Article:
Earlier this week, I (finally) went to see a new doctor. I needed to get my annual physical, which I hadn’t done since moving to a new city a little over a year ago. Not that I hadn’t been taking care of myself lately. In fact, I’ve probably focused on my health and well-being more than ever in the last year. (That’s saying a lot, considering I’m a health and wellness writer, a certified health coach, and I consider self-development books “pleasure reading.”) But I was still feeling frustrated about some lingering health issues that hadn’t disappeared, despite my best efforts.

My hyper-focus on my health started after I saw a functional medicine doctor last year. I wanted to solve some minor, yet bothersome, health issues—fatigue, weight gain, some anxiety—once and for all. The doctor was fantastic—attentive, thorough, and understanding. By the end of the first visit, he recommended I completely revamp my diet, supplementation, and even the way I worked out.

When I left his office, I was given a list of supplements to take. Most I’d never heard of before, and none were easy on the wallet. I had five to take in the morning, more at lunch, and a huge handful to swallow at night. I was advised to cut out gluten, dairy, or sugar, and cut down on carbs. I was supposed to eat more salmon, avocado, and other healthy fats and always start the day with a nourishing breakfast to “feed my adrenals.” (That part was doable—avoiding sugar, not so much.)

In terms of working out, I was encouraged to cut back on the heavy cardio sessions I’d been devoted to for years and instead integrate more stretching and strength training into my routine. Oh, and of course, I was tasked with starting that elusive yet effective cure-all: a daily meditation practice.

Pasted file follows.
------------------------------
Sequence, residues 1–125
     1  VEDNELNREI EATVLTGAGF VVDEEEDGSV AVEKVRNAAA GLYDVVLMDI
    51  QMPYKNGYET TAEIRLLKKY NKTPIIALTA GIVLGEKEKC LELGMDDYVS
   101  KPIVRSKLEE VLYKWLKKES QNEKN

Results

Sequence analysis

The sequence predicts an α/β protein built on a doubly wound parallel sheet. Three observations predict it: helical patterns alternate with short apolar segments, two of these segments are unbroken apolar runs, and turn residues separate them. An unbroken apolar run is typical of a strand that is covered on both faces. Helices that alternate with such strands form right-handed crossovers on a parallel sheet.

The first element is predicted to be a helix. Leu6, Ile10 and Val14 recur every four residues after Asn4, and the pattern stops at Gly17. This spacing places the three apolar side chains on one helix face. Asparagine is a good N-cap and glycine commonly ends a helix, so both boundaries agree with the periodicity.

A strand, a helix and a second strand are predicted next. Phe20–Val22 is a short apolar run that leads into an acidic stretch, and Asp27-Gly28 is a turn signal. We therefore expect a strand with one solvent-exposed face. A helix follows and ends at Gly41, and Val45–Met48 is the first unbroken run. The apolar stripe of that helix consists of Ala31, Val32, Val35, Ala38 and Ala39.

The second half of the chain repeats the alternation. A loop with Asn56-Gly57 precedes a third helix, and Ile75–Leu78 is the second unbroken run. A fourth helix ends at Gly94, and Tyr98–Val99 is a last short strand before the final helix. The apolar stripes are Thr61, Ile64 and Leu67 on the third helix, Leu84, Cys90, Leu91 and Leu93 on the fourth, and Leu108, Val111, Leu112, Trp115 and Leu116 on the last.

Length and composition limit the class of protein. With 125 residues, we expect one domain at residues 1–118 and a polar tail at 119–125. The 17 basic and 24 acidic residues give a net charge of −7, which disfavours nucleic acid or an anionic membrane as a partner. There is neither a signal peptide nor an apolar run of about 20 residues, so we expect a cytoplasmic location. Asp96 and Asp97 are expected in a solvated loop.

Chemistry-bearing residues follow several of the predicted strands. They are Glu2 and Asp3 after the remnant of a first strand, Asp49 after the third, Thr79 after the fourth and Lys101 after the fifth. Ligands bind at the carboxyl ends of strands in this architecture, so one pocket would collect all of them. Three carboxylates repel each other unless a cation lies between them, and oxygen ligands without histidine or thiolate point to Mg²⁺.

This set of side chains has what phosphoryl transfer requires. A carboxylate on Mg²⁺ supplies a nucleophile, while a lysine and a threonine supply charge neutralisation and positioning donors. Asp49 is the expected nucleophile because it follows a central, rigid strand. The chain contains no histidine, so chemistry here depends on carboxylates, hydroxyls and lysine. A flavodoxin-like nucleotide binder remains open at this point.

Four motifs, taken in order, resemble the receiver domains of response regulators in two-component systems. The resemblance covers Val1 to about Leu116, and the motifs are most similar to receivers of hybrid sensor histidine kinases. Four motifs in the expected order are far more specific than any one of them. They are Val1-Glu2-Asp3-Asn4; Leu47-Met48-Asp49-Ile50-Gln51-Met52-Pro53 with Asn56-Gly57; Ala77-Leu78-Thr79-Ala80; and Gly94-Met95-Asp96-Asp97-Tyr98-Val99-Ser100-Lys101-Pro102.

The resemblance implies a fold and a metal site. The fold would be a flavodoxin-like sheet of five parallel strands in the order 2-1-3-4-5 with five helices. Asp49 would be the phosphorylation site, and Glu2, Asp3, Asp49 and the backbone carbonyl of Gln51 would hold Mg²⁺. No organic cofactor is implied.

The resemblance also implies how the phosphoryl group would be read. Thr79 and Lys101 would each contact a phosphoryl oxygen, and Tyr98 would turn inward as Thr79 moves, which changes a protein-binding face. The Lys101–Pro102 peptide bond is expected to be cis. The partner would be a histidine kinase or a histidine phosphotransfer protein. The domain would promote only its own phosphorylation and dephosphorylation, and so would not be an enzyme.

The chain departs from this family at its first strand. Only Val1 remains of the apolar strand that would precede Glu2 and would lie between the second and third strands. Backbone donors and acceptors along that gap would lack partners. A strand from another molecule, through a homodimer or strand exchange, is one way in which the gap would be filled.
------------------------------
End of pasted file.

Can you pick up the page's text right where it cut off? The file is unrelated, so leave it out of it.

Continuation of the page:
After a couple of months, I definitely felt better after following the functional medicine doctor’s protocol. Not that it was easy. Since that initial visit nearly a year ago, I’ve been thinking practically nonstop about what I should or shouldn’t be doing to improve my well-being.

I spent hours (and a LOT of money) scheduling my workouts for the week, driving to different studios, and stressing out when I missed a class I’d signed up for. I spent hundreds of dollars on supplements from holistic health stores, and I felt like I was constantly at the grocery store meticulously planning what I would eat over the next 24 hours. I turned down invitations to dinners in order to stay at home and cook my own healthy food.

But as the months wore on, I started to wonder: Could I be overthinking all of this? As someone who (admittedly) overthinks most things in life, I started to think that while I’d developed a greater knowledge about my health and wellness, I’d started to lose sight of the basic building blocks of wellness.

Back to this week’s doctor’s appointment. Sitting in my awkward open-faced hospital gown, I started telling the ob-gyn about my last year. She was incredibly patient and down-to-earth, and I suddenly found myself opening up. I told her about the move I had made to a new city, a toxic job I had quit to work for myself, and the health diagnosis that a family member had just received.